Pixies Call Out UK Ticket Touts

When the Pixies are leading the charge against unfair ticketing practices, it’s getting serious.

The legendary band was set to play a series of shows at London’s O2 Brixton Academy but found tickets were being sold for £800, a staggering difference above the £32.50 face value, on reseller sites. Fed up and not wanting to price out a good number of fans, the Pixies instead decided to sell half of all available tickets through Songkick, a fan-centric website, the Guardian reports.

“Our fans mean an awful lot to us,” Pixies singer Black Francis told the Observer. “The fact that any of them would be taken advantage of by rogues and scoundrels trying to fleece them with wildly inflated ticket prices is simply not acceptable.”

The move was agreed to by the full band and its manager, Richard Jones, as part of a growing effort in the UK to stop ticket resellers, secondary sellers or, as they’re called over there, ticket touts. Jones is slated to speak at an upcoming industry summit on ticket selling practices.

Earlier this year, a review of ticketing practices ordered by Parliament established a series of suggestions for improving the process, “including a licensing system for touts and harsher penalties for firms that flout consumer rights laws governing sales.”

Jones told the Guardian, “Scalping [profiteering] has always been around but what has happened recently is that it has become institutionalized, very corporate in its mechanics. If you sell a show out in two minutes, you see three or four hundred tickets on a secondary site a few minutes later. There’s obviously something sinister and technically organized for that to happen.”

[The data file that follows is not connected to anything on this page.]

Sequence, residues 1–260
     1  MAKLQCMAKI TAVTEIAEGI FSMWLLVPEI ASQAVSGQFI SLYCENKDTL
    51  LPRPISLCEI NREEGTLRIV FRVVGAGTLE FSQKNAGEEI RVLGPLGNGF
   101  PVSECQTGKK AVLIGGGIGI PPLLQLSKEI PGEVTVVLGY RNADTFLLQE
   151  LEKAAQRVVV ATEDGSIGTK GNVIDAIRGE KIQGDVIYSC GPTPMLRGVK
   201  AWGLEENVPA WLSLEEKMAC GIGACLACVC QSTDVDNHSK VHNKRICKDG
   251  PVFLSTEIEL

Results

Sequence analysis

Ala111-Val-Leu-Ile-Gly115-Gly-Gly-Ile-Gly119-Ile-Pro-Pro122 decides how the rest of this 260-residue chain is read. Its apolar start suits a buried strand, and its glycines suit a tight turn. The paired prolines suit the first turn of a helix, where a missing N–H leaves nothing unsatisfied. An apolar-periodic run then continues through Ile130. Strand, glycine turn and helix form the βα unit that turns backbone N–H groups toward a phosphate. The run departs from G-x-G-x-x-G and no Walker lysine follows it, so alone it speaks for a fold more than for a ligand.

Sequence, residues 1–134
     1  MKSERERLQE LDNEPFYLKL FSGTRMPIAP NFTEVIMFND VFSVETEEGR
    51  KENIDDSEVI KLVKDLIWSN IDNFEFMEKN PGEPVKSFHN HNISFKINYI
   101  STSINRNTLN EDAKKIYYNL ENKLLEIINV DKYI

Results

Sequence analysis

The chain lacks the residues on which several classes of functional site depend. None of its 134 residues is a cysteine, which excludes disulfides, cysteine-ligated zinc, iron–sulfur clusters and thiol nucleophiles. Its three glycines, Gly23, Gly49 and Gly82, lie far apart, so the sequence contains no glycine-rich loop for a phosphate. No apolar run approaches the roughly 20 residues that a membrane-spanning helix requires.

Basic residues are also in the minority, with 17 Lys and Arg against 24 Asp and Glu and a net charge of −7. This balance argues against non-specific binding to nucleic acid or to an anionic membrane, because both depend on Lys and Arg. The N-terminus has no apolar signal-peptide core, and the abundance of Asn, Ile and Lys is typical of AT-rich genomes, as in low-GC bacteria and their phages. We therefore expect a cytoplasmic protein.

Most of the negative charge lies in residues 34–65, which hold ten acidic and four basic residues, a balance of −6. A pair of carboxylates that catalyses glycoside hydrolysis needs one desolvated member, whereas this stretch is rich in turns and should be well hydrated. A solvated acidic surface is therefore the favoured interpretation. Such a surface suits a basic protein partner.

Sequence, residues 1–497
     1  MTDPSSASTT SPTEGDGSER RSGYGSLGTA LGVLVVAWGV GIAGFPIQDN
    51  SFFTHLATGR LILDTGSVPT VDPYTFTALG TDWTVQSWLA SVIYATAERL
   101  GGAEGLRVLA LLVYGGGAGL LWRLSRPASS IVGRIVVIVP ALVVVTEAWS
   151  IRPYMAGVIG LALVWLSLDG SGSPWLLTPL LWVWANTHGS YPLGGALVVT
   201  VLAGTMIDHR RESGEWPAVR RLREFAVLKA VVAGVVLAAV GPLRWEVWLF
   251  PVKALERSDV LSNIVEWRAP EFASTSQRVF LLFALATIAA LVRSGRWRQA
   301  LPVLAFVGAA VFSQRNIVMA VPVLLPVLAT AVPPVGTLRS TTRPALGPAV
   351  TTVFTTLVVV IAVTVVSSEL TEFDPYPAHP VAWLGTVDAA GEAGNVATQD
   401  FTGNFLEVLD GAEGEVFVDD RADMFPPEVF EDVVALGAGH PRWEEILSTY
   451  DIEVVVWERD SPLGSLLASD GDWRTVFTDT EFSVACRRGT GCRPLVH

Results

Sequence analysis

At the same time, Nigel Adams, a Member of Parliament and chair of the All-Party Parliamentary Group on Music, has expressed his frustration at the practices of ticket resellers who put profit above fans.

“The traditional impression we have of ticket resale is of the honest fan who can no longer make a gig and just wants to pass on his or her tickets and recoup their costs—but ticket touting has rocketed in the UK in recent years through secondary resale sites…and unfortunately has become dominated by dedicated resellers who purchase as many tickets as they can—often using a variety of credit cards and fake names to bypass limitations—and who never had any interest in the event at all,” he writes for M Magazine.

When he tried to purchase tickets to an upcoming Green Day concert, he logged on to the primary site as tickets went on sale. “I was told I’d been allocated the tickets, and had them held for five minutes to enter my card details and complete the transaction—but on submitting my card details just over two minutes later, I was told the tickets were no longer available. I was troubled to find tickets for the same concert available only minutes later on resale sites—for over double the price—and my experience is not unique.”

Adams has authored a bill to extend protections currently offered to soccer fans to include other events, including concerts, and to ensure existing protects are enforced.

“It is of paramount importance that we protect performers’ rights to set the prices for their own tickets and make certain that we put fans first,” he concludes. “While genuine fans must be enabled to resell tickets they can’t use to recoup their outlay, no artist wants to perform to empty seats because touts snapped up tickets and jacked up prices.”

FanFair Alliance and the Music Managers Forum also are upping their efforts, launching a new guide for artists and managers to fend off the advances of unauthorized resellers. Called “#ToutsOut,” the report, issued last week, provides advice and case studies on how to make sure fans are the ones purchasing tickets to events they want to attend and are capable of reselling them should they be unable to attend.

Adam Tudhope, manager of Mumford & Sons and co-founder of FanFair, says the organization has encouraged agents, promoters and others involved in the live music industry “to continue to innovate to ensure our artists’ tickets reach their intended audience at the right price….However, while we wait for government to act, it is essential that managers and music businesses develop ticketing strategies that aim to disrupt the touts and help fans. This guide marks a first step towards that goal.”

Amber Healy

I write about music policy and lawsuits because they're endlessly fascinating.

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